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Answering Behavioral Questions

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Rachelle Enns
Rachelle is a job search expert, career coach, and headhunter who helps everyone from students to fortune 500 executives find success in their career.
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Tell me about a time when you worked with a person who did things very differently than you. How did you collaborate?
Example #1
"(Situation) My fellow administrator and I approach our work differently very differently. I prefer mapping out the situation and putting myself on a timeline, whereas she prefers to jump right into the task. (Task) After working on a few projects together, it became apparent that we needed to find a better balance between our two working styles. (Action) I called a private meeting, where we openly discussed our differences. We agreed to split our tasks up and come together at the end of each day. We also agreed to keep the lines of communication open throughout the day. (Result) So far, this approach has resulted in a more streamlined process. As different as we are from each other, we both agree that so long as we get to the end goal together, it doesn't always matter how we got there."
Example #2
"(Situation) My coworker in HR had a completely different working style than me, even down to how we organized files. (Task) Tasked with a total reorganization of our digital files, I knew it was time that we learned how to mesh our two working styles. (Action) I made a list of the areas in which we worked differently from each other, and sat with this person to work out our process. We divided up tasks according to top skills and compromised on some procedures. (Result) We powered through the task, and came out of the project with a much better understanding of each other."
Example #3
"(Situation) When I began my most recent role, I replaced a manager who very much believed in a dictatorship management style. (Task) It was a huge challenge to undo the damage created among the team. (Action) Without too much disruption, I implemented a more relaxed management style. My team was so used to a stringent workplace that they resisted my methods at first. (Result) Once I developed trust as their manager, we were able to create a healthy workplace culture, and productivity increased by 24%."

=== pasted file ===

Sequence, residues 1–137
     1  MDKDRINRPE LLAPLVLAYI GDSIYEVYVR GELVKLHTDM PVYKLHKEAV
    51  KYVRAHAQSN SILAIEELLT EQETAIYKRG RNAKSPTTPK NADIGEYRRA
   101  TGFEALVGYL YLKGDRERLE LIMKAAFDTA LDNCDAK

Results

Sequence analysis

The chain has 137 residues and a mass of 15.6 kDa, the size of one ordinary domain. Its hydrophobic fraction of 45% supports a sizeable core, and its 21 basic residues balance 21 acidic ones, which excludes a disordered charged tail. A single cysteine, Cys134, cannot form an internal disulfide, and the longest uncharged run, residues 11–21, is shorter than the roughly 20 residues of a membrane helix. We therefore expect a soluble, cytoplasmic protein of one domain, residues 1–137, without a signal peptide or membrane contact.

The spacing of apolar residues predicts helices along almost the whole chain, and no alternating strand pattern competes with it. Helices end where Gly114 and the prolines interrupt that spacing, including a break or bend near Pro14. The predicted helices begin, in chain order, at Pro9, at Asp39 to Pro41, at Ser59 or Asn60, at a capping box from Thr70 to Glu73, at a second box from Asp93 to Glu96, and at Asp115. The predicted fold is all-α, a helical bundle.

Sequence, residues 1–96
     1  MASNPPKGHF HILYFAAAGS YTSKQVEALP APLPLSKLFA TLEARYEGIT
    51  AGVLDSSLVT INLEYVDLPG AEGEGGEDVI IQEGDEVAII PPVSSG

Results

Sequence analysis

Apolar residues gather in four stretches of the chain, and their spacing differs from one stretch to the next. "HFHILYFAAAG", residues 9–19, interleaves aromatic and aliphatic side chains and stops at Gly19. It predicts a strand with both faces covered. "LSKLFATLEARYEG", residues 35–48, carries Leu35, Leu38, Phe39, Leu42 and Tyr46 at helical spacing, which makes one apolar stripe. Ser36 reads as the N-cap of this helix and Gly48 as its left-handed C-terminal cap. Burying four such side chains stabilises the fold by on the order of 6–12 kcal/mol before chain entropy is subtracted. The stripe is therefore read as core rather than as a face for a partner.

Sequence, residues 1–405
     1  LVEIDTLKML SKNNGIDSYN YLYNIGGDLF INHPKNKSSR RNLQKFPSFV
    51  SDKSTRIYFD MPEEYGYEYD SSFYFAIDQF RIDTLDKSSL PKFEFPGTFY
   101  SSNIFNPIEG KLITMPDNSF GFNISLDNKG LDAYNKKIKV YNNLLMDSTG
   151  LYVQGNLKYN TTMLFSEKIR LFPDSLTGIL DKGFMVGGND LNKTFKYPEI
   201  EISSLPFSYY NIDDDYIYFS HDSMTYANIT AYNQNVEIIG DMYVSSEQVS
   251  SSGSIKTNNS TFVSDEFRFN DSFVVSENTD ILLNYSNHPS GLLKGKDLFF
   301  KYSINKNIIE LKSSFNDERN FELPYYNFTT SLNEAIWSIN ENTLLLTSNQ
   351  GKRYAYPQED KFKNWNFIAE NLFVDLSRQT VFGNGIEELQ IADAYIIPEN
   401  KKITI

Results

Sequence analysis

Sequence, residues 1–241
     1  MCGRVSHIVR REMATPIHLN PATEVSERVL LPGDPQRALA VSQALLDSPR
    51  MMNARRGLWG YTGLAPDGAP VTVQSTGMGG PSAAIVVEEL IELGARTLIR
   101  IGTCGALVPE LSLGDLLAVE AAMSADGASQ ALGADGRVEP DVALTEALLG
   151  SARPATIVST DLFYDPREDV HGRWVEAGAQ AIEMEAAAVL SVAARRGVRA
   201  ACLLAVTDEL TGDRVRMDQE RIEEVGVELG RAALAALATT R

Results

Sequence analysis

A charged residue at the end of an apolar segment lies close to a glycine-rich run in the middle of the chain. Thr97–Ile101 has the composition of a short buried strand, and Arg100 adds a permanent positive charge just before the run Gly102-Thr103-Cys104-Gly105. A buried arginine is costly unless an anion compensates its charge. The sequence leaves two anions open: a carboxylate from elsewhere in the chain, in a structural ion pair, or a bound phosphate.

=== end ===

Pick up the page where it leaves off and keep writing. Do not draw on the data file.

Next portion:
Example #4
"(Situation) I recently collaborated with a designer who had a very different style of organizing and prioritizing work. I approach my work by scheduling meetings in advance and working off of lists. The designer was rarely prepared for meetings and spent a great deal of time talking about their personal life. (Task) I believed that we could work well together if we had clear boundaries and expectations. As the Marketing Manager, it was up to me to outline these boundaries. (Action) I took it upon myself to speak to that person about our different styles and come to an agreement on how we could work best together. (Result) The designer agreed and ended up adopting some of my organizational tools. I learned from this person, too, better embracing last-minute changes and creative pivots."
Example #5
"(Situation) When I worked at Store X, I was one of two team leads. Since we were sharing team and management responsibilities, we often had clashing opinions. (Task) I knew that I needed to collaborate with this other shift lead since our behavior would directly impact the productivity of our sales associates. (Action) By spending time writing out our main strengths, we were able to divvy up the work according to each other's strengths. (Result) This method solved the 'too many cooks in the kitchen' issue entirely."
Example #6
"(Situation) When I started my current job, my direct boss did things very differently than I. She was great with closing deals but was a tornado heading into meetings. She was always in a state of scrambling due to disorganization. (Task) It was hard to address this situation with her since she was my superior. However, I knew that my career success was also important. (Action) One day over lunch, we talked about our work stylings and how our professional styles impact the other person. (Result) We were able to cordially brainstorm ways that our styles could complement each other in the workplace. Since this conversation, we have worked harmoniously on multiple initiatives."
Example #7
"(Situation) One of my colleagues and I had opposing views on teaching styles. (Task) This difference in opinion became an issue after we were assigned to share a split-grade class of 40 students. (Action) I worked very hard to be respectful of her love of worksheets, while I demonstrated the importance of movement and variety in the classroom. I used studies, as well as my own student's test scores, to show her how much they enjoy the approach in my classroom. Together, we agreed on some of the ways we should approach teaching these shared students. These approaches included putting a limit on the amount of desk work we assigned. I agreed to include some worksheets, and she incorporated more movement in the classroom. (Result) This compromise was a huge win for us as teachers and, most importantly, the students. Grades have increased, and friction has significantly decreased."
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Our interview questions are created by writers, most of whom have a long history of recruiting and interviewing candidates. They do not necessarily have experience interviewing or working with the companies, careers or schools they may write for on We strive to match our experts' background and expertise with the appropriate question sets found on our website.